Discussion in 'Mopar / FCA News' started by T_690, Aug 14, 2020.
Which is why I said “Worked pretty well with the Cherokee and EU Renegade.”
If my memory serves me correctly, PSA took a couple of VW MQB cars that were different brands and disassembled them and interchanged multiple hidden parts in front of their management showing what can be done with cars that look different but really have major shared parts. Their newer product send to show that they learned from that. About 2-3 feet of the underhood area is the key. Savings are huge that way.
We love our Renegade.....I grew up living overseas and grew accustomed to smaller cars. I think it is really a great all around CUV it isn't tiny but isn't large either gets decent mpg. Yes it could use some more power under the hood but the build quality on our personal Renegade has been great....I am surprised because when I drive I see tons of them on the roads here in Texas so they must be doing something right....I was really interested in getting a Dart but when they discontinued it I started to look into the Renegade and when they updated the interior for 18 model year I grabbed it at the right time for the right money....Paid $18,000 MSRP was $27,985
And to think that Chrysler was working on a modular platform in the late 80s that became the LH. What a shame.
The problem with the Eaton/Lutz years was that they never optimized their platforms. The PT was the only example I can think of where they had two really different cars from one platform. The Magnum is sort of there as well.
Magnum was just a station wagon from a sedan body. Only special thing was the rear door extended into the roof which evidently caused production issues. Was a really neat feature though.
That's why I said “sort of there.” Oddly if they'd just raised the Magnum up instead of making it a low-rider, it would have been an SUV and sold ten times better - ref Legacy Wagon vs Outback. Same car, different ride heights and advertising. I have no idea why nobody at Chrysler saw the Outback's success and said, “Hey, we can do that.” Probably because a guy in a white lab coat behind him said, “No ve can't.”
Thanks for admitting “oops”! My respect for you has gone up a notch.
I thought Chrysler went from one extreme to the other when they replaced the endless proliferation of K and L cars with one-car-per-platform. But the name-badge games continued unabated. Sheet-metal changes and suspension tuning and engine options still separated the brands from each other.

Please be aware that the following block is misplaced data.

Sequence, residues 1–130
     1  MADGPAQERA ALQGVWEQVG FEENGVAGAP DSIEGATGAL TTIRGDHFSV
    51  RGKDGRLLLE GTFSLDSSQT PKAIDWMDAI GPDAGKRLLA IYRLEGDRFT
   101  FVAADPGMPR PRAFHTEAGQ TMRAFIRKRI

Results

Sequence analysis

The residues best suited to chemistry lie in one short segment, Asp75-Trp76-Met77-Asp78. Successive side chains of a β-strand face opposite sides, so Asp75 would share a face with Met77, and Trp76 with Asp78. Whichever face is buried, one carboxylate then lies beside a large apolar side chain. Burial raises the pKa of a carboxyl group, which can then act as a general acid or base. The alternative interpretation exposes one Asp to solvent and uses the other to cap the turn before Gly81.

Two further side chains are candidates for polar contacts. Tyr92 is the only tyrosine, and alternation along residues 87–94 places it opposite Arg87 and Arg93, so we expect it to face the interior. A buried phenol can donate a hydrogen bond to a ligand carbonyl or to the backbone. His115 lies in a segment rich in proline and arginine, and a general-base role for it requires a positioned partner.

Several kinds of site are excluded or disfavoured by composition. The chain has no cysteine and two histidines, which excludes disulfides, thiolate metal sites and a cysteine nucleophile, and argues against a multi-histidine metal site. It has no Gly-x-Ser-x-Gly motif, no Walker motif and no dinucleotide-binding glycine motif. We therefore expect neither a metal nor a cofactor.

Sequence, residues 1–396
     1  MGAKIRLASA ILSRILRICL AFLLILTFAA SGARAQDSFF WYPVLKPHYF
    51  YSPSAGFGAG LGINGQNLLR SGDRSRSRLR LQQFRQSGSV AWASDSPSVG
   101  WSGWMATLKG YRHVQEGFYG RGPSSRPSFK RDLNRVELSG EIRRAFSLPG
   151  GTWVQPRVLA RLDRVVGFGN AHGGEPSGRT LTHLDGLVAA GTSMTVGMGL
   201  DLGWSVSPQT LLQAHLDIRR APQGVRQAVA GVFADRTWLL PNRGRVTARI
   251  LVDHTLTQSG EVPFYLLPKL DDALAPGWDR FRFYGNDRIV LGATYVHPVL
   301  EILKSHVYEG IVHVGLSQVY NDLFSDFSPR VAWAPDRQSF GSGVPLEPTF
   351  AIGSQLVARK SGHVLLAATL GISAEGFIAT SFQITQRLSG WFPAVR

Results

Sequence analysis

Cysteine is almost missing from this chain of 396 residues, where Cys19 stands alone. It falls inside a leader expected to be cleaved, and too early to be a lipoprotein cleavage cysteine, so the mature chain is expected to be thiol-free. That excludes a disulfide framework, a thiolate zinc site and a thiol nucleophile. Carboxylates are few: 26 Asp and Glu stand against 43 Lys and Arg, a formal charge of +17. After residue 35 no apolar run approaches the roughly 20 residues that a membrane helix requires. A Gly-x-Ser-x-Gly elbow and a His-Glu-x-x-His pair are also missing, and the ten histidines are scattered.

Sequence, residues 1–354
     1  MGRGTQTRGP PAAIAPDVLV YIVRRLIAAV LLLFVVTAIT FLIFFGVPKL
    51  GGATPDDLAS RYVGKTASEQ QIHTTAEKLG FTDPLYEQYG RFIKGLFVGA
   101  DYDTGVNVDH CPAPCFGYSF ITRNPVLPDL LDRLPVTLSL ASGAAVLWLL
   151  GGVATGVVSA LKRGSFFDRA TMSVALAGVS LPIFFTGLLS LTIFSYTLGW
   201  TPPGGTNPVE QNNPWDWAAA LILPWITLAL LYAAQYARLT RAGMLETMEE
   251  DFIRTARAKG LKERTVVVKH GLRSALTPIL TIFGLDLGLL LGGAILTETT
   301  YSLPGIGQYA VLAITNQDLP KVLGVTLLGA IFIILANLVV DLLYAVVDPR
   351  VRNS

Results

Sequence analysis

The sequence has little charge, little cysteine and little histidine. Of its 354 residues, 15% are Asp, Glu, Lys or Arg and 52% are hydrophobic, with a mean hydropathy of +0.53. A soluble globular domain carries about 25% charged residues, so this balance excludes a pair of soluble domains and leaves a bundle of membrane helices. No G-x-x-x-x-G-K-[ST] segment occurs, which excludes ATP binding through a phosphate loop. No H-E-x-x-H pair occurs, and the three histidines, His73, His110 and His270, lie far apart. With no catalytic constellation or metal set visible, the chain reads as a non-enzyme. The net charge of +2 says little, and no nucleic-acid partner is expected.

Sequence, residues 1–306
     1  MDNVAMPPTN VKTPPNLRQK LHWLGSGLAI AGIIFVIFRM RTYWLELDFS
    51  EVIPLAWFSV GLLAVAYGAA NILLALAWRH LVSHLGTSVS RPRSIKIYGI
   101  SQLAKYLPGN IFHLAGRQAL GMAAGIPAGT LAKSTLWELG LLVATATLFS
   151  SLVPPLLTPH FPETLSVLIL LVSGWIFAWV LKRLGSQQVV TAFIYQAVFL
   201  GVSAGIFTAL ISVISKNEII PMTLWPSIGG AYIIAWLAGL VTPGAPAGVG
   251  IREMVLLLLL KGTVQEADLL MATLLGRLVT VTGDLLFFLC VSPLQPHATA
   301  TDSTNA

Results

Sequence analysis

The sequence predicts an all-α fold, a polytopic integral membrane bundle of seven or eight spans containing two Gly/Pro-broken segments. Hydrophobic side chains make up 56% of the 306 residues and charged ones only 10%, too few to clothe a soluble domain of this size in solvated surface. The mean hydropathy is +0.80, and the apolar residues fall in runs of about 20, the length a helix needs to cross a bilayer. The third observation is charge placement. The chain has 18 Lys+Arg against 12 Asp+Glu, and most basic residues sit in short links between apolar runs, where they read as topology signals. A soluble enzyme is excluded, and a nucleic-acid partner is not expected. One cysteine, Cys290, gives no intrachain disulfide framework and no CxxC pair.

One of the oddball things that happened was the Neon and the cloud cars having totally different platforms/architectures and ending up almost exactly the same size; someone tell me they couldn't have done a long-wheelbase Neon with a different roofline and larger engine bay? Reminded me of the R body, creating an entirely new (well, by Chrysler standards of the day) car instead of lengthening the B-body slightly or shortening the C-body slightly.
I suppose it might help to actually read posts S-L-O-W-L-Y as opposed to scanning quickly.
I've wondered that myself. We had a new R body in 79, it was like an updated B body. It was a good car, but there were some things that needed refined. Sadly, that never happened. Under Lee's regime they were orphans. The M body would've suffered the same date but cops needed cars, and they gave the 5th Avenue treatment to the LeBaron, and they stayed till 89.
I think that management was not really in an "Out if the box" thinking and only what they saw as normal. Europe (Germany) has always had a fairly large wagon (Shooting break) market and that would be a safe move for them. Subaru probably was not on their comparable list and still not high on must copy markets.
I've done the same...!
I covered the R body earlier in this thread, I think. The M body was basically a slightly modified F body (Volare). Had they just made a slightly bigger B body, the quality gaffes of the R would not have risen - maybe. Had they fired Dick Dauch, they probably wouldn't have had these problems either.
If by management you mean Eaton and Lutz, probably that's true. They should have noticed the Outback. Any time a relatively nobody gets a hit, the others should all be looking to see if there are any implications for them. Didn't take Ford and GM long to imitate the Caravan/Voyager!
Are we giving Subaru too much credit? They had just over 1% of U.S. sales in 2003 when the Magnum idea probably was in discussion for future product. Outback had about 60k in sales comparing that to Caravan/Voyager is not even in the same playbook. Subaru was selling their 4 wheel drive as their main point which wasn't even in the Chrysler bag of tricks to offer at that time.
I think we are all guilty of that at times.
You have that story exactly the wrong way around.
It was Volkswagen engineers who brought in three PSA cars that were of different sizes and brands, and showed how almost all parts in the engine bay could be interchanged. This was during the internal lobbying for the MQB project within VW.
Prior to being tied up with platform-centric GM, FIAT had also been developing the same ideas. Volkswagen was almost the last European carmaker to adopt common modular architectures, because its scale had allowed it to get away with bespoke solutions. But it was probably among the first to give the idea an overarching name and tell its PR department about it.
...It’s funny how big companies end up being assigned the credit for other people’s work.